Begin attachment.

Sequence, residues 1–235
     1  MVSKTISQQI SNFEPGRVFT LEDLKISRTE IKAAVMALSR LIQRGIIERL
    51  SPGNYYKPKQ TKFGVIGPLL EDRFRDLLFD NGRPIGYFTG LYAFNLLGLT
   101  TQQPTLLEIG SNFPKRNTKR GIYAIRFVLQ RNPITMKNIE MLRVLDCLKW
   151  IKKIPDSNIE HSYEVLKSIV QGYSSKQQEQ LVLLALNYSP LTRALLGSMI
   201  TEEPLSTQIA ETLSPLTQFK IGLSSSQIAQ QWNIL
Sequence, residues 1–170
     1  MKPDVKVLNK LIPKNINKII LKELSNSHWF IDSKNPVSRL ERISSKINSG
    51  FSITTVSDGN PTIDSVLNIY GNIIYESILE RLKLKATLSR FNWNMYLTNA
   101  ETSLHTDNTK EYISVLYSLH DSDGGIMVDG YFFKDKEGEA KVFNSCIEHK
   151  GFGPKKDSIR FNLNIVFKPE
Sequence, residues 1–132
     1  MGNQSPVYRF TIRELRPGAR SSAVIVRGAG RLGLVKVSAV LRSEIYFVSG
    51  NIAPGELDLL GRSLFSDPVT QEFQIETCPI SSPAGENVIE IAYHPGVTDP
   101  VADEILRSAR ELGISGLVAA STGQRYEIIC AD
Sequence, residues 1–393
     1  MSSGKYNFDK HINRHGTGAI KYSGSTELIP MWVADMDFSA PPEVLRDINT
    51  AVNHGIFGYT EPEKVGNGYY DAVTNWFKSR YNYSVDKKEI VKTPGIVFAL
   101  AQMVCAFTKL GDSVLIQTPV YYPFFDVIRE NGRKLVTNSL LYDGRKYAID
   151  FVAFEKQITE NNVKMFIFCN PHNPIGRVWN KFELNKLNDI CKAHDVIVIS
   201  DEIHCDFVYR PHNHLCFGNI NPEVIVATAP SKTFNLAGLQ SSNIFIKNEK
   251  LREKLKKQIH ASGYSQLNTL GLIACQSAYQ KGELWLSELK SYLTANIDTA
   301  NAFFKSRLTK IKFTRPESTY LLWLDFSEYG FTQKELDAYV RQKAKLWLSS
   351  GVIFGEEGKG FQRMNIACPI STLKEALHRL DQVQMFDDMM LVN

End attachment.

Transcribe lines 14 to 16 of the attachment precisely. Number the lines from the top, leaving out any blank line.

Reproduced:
    51  NIAPGELDLL GRSLFSDPVT QEFQIETCPI SSPAGENVIE IAYHPGVTDP
   101  VADEILRSAR ELGISGLVAA STGQRYEIIC AD
Sequence, residues 1–393